“Photonic Rendering for Hair Cuticles using High Accuracy NS-FDTD method” by Hou, Cai and Dong

  • ©Zhuo Hou, Dongsheng Cai, and Ran Dong

  • ©Zhuo Hou, Dongsheng Cai, and Ran Dong

  • ©Zhuo Hou, Dongsheng Cai, and Ran Dong

  • ©Zhuo Hou, Dongsheng Cai, and Ran Dong

Conference:


Type:


Entry Number: 52

Title:

    Photonic Rendering for Hair Cuticles using High Accuracy NS-FDTD method

Presenter(s)/Author(s):


Project Affiliation:


    University of Tsukuba

Abstract:


    The internal structure of hair consists of three layers: the cuticle, the cortex, and the medulla, and there are multiple membrane structures inside the cuticle. Light incident on these subwavelength structures is subject to scattering and interference phenomena, and the reflected highlights vary depending on the viewing angle. This phenomenon of light coloration due to the microstructure is called structural coloring or photonic coloration. It shows a unique specular highlight and determines the magnitude of the specular highlight, which is not observable in the linear optics of CG. In the case of hairs, this structural coloring or photonic coloration occurs in addition to the simple surface reflections and the backscattering lights, which penetrate the hair and are absorbed by the melanin pigment. In the present report, we mainly discuss the effects of the structural coloring first caused by the multi-layered structure in the cuticle region on the hair surface, simulating the electromagnetic field using the NS-FDTD (Non-Standard Finite Difference in Time Domain) method. In addition, we also discuss the backscattering phenomena inside the hair fibers.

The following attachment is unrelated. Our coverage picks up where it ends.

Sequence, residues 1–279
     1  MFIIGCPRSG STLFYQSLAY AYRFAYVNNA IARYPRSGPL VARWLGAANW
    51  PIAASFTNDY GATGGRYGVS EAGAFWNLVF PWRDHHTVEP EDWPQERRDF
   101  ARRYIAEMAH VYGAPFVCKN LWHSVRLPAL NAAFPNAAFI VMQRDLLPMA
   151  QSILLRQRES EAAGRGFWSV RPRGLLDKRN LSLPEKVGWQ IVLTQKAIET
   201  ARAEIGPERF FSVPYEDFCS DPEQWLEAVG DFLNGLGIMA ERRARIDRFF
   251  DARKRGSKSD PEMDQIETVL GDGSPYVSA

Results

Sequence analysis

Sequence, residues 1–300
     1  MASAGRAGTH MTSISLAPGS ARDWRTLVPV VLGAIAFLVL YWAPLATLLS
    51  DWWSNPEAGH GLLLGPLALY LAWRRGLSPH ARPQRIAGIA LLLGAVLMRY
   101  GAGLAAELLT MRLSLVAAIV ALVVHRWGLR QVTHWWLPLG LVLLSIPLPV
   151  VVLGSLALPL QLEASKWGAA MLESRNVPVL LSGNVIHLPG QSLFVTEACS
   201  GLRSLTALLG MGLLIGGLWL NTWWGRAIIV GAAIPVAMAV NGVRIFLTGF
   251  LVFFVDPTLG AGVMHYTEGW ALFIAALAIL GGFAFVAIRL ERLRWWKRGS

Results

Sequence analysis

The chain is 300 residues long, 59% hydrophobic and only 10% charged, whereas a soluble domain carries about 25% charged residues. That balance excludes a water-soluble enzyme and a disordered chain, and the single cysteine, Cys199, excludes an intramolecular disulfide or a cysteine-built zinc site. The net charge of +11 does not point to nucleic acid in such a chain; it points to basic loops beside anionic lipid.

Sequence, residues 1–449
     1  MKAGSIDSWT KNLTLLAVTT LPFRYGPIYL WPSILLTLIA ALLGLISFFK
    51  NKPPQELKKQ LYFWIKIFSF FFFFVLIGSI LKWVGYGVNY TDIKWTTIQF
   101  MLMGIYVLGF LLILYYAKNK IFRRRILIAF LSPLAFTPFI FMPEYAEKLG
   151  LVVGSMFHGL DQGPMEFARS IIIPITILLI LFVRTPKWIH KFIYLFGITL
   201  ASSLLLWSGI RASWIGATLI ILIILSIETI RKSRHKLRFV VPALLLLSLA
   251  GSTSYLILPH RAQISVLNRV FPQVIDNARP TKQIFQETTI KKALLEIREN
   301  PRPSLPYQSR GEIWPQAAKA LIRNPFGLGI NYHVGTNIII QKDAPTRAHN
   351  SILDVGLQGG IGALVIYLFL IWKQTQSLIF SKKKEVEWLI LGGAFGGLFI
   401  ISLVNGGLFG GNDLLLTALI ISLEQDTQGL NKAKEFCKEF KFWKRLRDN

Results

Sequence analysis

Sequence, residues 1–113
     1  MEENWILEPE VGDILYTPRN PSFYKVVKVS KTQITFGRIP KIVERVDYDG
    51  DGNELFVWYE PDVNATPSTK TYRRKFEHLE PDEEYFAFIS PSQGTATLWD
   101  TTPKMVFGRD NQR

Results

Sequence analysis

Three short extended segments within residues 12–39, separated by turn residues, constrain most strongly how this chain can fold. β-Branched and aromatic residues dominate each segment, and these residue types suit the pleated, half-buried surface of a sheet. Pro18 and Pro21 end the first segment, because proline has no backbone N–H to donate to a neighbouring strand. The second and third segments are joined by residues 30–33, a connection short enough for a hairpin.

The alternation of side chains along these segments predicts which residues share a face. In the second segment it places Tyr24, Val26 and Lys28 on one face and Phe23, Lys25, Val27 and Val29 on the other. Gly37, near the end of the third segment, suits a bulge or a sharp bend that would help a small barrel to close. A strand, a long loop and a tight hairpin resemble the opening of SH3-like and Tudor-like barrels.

References:


    Benedikt Bitterli. 2016. Rendering resources. https://benedikt-bitterli.me/resources/.

    James B Cole. 2005. High accuracy nonstandard finite-difference time-domain algorithms for computational electromagnetics: Applications to optics and photonics.  Advances in the applications of nonstandard finite difference schemes (2005), 89–189.

    Stephen R Marschner, Henrik Wann Jensen, Mike Cammarano, Steve Worley, and Pat Hanrahan. 2003. Light scattering from human hair fibers. ACM Transactions on Graphics (TOG) 22, 3 (2003), 780–791.

    Matt Pharr, Wenzel Jakob, and Greg Humphreys. 2016. Physically based rendering: From theory to implementation. Morgan Kaufmann.

    Kane Yee. 1966. Numerical solution of initial boundary value problems involving Maxwell’s equations in isotropic media. IEEE Transactions on antennas and propagation 14, 3 (1966), 302–307.

Keyword(s):



Additional Images:

©Zhuo Hou, Dongsheng Cai, and Ran Dong ©Zhuo Hou, Dongsheng Cai, and Ran Dong

PDF:



ACM Digital Library Publication:



Overview Page: